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Winner of the first Paul A. Baran-Paul M. Sweezy Memorial Award for an original monograph concerned with the political economy of imperialism, John Smith's Imperialism in the Twenty-First Century is a seminal examination of the relationship between the core capitalist countries and the rest of the world in the age of neoliberal globalization.Deploying a sophisticated Marxist methodology, Smith begins by tracing the production of certain iconic commodities-the T-shirt, the cup of coffee, and the iPhone-and demonstrates how these generate enormous outflows of money from the countries of the Global South to transnational corporations headquartered in the core capitalist nations of the Global North. From there, Smith draws on his empirical findings to powerfully theorize the current shape of imperialism. He argues that the core capitalist countries need no longer rely on military force and colonialism (although these still occur) but increasingly are able to extract profits from workers in the Global South through market mechanisms and, by aggressively favoring places with lower wages, the phenomenon of labor arbitrage. Meticulously researched and forcefully argued, Imperialism in the Twenty-First Century is a major contribution to the theorization and critique of global capitalism.



Production of Commodities by Means of Commodities

Production of Commodities by Means of Commodities Author Piero Sraffa
ISBN-10 0521099692
Release 1975-05-15
Pages 98
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Production of Commodities by Means of Commodities has been writing in one form or another for most of life. You can find so many inspiration from Production of Commodities by Means of Commodities also informative, and entertaining. Click DOWNLOAD or Read Online button to get full Production of Commodities by Means of Commodities book for free.



Reclaiming Marx s Capital

Reclaiming Marx s Capital Author Andrew Kliman
ISBN-10 0739118528
Release 2007
Pages 231
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This book reclaims Marx's Capital from the myth of inconsistency. An accessible account written for non-specialist readers, it shows that the inconsistencies are actually caused by misinterpretation; the recent "temporal single-system interpretation" eliminates all of the alleged inconsistencies.



Origins of the Crisis in the U S S R Essays on the Political Economy of a Disintegrating System

Origins of the Crisis in the U S S R   Essays on the Political Economy of a Disintegrating System Author Hillel Ticktin
ISBN-10 9781315488035
Release 2016-09-16
Pages 224
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Hillel Ticktin has been one of the most controversial figures in Soviet studies for 25 years. His assertions that the Soviet economy was hopelessly inefficient, that the ruble was a sham, and that the elite was desperate once sounded outrageous. Ticktin consistently argued that perestroika would fail. In his view the USSR was and remained inherently Stalinist. It might lurch back and forth between reformist and reactionary leadership factions but, the system could not evolve, nor could it be restructured. Ultimately, it could only disintegrate, and when it did, the workers would hold the balance. This collection of essays offers a thorough sample of his views.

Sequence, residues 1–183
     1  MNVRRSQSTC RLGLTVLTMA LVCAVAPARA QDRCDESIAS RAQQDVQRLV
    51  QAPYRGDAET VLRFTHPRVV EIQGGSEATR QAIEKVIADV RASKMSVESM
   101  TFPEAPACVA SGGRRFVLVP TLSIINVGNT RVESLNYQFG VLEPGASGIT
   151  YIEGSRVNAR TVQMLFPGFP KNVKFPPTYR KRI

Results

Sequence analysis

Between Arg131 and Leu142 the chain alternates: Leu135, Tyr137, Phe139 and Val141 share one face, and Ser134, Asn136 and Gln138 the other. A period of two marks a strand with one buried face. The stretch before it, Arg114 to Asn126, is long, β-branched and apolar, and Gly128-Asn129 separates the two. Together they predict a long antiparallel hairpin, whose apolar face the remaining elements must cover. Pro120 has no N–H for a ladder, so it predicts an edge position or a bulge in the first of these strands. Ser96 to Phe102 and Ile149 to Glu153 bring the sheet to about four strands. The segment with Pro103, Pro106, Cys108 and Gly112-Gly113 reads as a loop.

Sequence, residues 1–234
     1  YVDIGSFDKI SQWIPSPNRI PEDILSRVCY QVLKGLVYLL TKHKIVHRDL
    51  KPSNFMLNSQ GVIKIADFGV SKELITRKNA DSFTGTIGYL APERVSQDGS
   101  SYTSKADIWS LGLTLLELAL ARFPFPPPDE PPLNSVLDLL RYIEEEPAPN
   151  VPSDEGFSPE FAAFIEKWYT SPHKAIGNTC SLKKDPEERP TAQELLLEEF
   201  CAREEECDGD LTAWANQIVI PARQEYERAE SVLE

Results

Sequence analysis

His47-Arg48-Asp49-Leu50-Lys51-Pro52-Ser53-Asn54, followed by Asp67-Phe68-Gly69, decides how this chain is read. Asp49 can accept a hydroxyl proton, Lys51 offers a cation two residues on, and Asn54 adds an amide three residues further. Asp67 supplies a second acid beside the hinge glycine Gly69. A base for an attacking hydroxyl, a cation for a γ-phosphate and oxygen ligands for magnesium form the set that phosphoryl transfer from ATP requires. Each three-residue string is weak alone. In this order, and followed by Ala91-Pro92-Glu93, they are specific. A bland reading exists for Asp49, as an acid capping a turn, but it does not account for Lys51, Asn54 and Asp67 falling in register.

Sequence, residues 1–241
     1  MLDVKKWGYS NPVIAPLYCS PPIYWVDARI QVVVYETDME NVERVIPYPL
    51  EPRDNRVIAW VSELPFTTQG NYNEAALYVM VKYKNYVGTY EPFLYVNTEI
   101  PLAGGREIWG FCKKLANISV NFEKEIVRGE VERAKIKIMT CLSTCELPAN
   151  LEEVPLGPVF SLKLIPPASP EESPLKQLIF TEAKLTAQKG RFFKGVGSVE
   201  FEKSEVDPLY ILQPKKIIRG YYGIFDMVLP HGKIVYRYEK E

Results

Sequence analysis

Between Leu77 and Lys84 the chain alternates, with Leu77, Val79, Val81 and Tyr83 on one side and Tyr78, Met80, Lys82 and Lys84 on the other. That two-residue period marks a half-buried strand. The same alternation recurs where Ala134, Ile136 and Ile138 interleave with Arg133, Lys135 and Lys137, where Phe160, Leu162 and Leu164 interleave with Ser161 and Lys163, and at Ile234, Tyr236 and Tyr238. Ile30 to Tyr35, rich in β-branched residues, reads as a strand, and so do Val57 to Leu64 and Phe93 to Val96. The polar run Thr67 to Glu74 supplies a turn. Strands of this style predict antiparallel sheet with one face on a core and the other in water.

Structural Crisis and Institutional Change in Modern Capitalism

Structural Crisis and Institutional Change in Modern Capitalism Author Bruno Amable
ISBN-10 9780198787815
Release 2017-03-23
Pages 248
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This book analyses the evolution of the French model of capitalism in relation to the instability of socio-political compromises. In the 2010s, France was in a situation of systemic crisis, namely, the impossibility for political leadership to find a strategy of institutional change, or more generally a model of capitalism, that could gather sufficient social and political support. This book analyses the various attempts at reforming the French model since the 1980s, when the left tried briefly to orient the French political economy in a social-democratic/socialist direction before changing course and opting for a more orthodox macroeconomic and structural policy direction. The attempts of governments of the right to implement a radically neo-liberal structural policy also failed in the face of a significant social opposition. The enduring French systemic crisis is the expression of contradictions between the economic policies implemented by the successive left and right governments, and the existence of a dominant, social bloc, that is, a coalition of social groups that would politically support the dominant political strategy. Since 1978, both the right and the left have failed to find a solution to the contradictions between the policies they implemented and the expectations of their respective social bases, which are themselves inhabited by tensions and contradictions that evolve with the structural reforms that gradually transformed French capitalism.



Classical Econophysics

Classical Econophysics Author Allin F. Cottrell
ISBN-10 9781134020751
Release 2009-06-02
Pages 384